Rising car prices and high demand have indeed played a big role in the long-term trend of higher car insurance costs.
The Manheim Used Vehicles Index shows used car prices will be 8 percent higher on average in 2022 than the previous year, although prices have stabilized more or less since December. Not only is total vehicle replacement more expensive, repairs are also more expensive, as the cost of car parts and service also increased last year, according to BLS data.
However, there may be more than just supply chain and labor cost issues.
Progressive’s largest first-quarter increase in severity came in the “bodily harm” and “damage to property” categories, according to its 10-Q. Both categories appear to be for accidents in which the covered driver is found to be at fault:
Mario Rizzo of Allstate said in the company’s 1Q earnings call that the stabilization in auto prices was more than offset by the higher share of cars that were completely damaged. He said that the severity rate is expected to be 9 to 11 percent higher in the first quarter than in the full 2022:
Actually, used car prices or total used car value actually fell a little bit in the first quarter in our numbers, but we had a higher total loss frequency percentage impacting the mix, so that’s really the drivers. And on bodily injury, it’s the same thing that we’ve talked about, medical inflation, medical consumption, attorney representation.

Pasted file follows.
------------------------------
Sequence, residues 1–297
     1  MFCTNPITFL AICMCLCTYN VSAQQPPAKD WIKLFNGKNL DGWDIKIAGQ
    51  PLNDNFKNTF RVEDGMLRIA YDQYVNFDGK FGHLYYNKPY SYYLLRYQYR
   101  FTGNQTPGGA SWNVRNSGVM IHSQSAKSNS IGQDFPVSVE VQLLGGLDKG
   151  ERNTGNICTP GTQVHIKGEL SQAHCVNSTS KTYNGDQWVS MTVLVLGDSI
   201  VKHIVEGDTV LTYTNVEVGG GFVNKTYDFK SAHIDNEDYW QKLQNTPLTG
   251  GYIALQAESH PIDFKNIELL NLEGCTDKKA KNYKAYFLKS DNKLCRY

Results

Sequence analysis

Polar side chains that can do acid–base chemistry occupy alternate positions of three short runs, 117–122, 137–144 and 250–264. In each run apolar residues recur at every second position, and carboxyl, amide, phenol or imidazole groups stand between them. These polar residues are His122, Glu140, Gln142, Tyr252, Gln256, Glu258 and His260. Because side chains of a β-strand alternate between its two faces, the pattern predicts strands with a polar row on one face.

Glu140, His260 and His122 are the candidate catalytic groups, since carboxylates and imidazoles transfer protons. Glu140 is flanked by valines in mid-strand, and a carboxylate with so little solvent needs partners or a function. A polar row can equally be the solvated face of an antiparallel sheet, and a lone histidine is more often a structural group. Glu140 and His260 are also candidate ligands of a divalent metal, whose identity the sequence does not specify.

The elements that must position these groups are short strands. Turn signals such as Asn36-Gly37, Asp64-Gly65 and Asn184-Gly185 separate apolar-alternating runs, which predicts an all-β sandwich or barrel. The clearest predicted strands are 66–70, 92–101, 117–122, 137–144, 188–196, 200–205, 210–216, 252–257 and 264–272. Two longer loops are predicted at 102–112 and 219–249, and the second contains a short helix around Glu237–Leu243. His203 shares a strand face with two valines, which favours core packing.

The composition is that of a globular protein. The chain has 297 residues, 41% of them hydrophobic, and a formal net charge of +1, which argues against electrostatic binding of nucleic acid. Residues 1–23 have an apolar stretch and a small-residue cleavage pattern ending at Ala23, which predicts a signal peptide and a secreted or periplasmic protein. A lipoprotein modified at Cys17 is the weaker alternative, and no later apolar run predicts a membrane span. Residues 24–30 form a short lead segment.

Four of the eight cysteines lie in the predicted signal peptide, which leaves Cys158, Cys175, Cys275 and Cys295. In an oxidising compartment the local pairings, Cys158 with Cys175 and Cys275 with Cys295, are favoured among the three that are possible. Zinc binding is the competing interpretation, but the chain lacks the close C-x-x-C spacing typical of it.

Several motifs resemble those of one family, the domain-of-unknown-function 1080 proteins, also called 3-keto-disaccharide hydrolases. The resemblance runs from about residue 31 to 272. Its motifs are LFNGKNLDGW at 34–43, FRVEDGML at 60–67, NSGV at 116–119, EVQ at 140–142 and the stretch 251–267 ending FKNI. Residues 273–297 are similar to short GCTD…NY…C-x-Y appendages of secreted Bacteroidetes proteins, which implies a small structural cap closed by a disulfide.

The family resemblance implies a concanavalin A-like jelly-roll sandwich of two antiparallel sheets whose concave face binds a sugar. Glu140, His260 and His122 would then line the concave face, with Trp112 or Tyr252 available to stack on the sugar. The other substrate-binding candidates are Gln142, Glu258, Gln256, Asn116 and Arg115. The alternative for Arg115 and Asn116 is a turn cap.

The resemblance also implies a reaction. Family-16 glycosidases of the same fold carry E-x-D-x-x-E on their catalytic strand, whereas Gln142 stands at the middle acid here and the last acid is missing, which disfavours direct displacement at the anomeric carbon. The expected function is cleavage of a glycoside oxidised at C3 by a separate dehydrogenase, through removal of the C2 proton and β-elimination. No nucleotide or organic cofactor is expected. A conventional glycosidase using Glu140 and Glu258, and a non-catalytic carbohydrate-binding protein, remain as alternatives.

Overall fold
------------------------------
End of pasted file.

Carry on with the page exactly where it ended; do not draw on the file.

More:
So I think the severity driver is holding up. In terms of where they’re going to go, that’s really anyone’s guess, but I think our perspective is, and we’re pretty consistent on this, we’re going to continue to drive up prices. We’ve been doing it since the fourth quarter of 2021 all last year.
The insurance company must also reassess its reserves (amount expect to pay claims) in the fourth quarter of 2022 to reflect the following, inter alia:
The increase in injury coverage reflects the most recent data and the most recent assumptions regarding the severity of third party bodily injury claims, increased claims with attorney representatives, litigation costs, increased utilization of medical care, and higher medical inflation.
So car crash victims and their attorneys are getting more aggressive (can’t imagine why), and they might even make a big push in the first quarter (confusing). Or shipwrecks are getting rarer but worse for no apparent reason.
Whatever the cause, executives at Allstate and Progressive have spoken at length about increasing prices. Allstate touted a 22 percent drop in newly published apps in its Q1 presentation, with sharp declines in three states where it faces a challenge to increase rates.
However, the metric used to evaluate the profitability of auto underwriting, the “combined ratio”, shows that Allstate continued to lose money on its auto underwriting in the first quarter, while Progressive was just gaining.
In other words, it doesn’t look like a “greed” story for auto insurance companies just yet.
*This hypothesis may or may not have anything to do with current events in the life of this correspondent.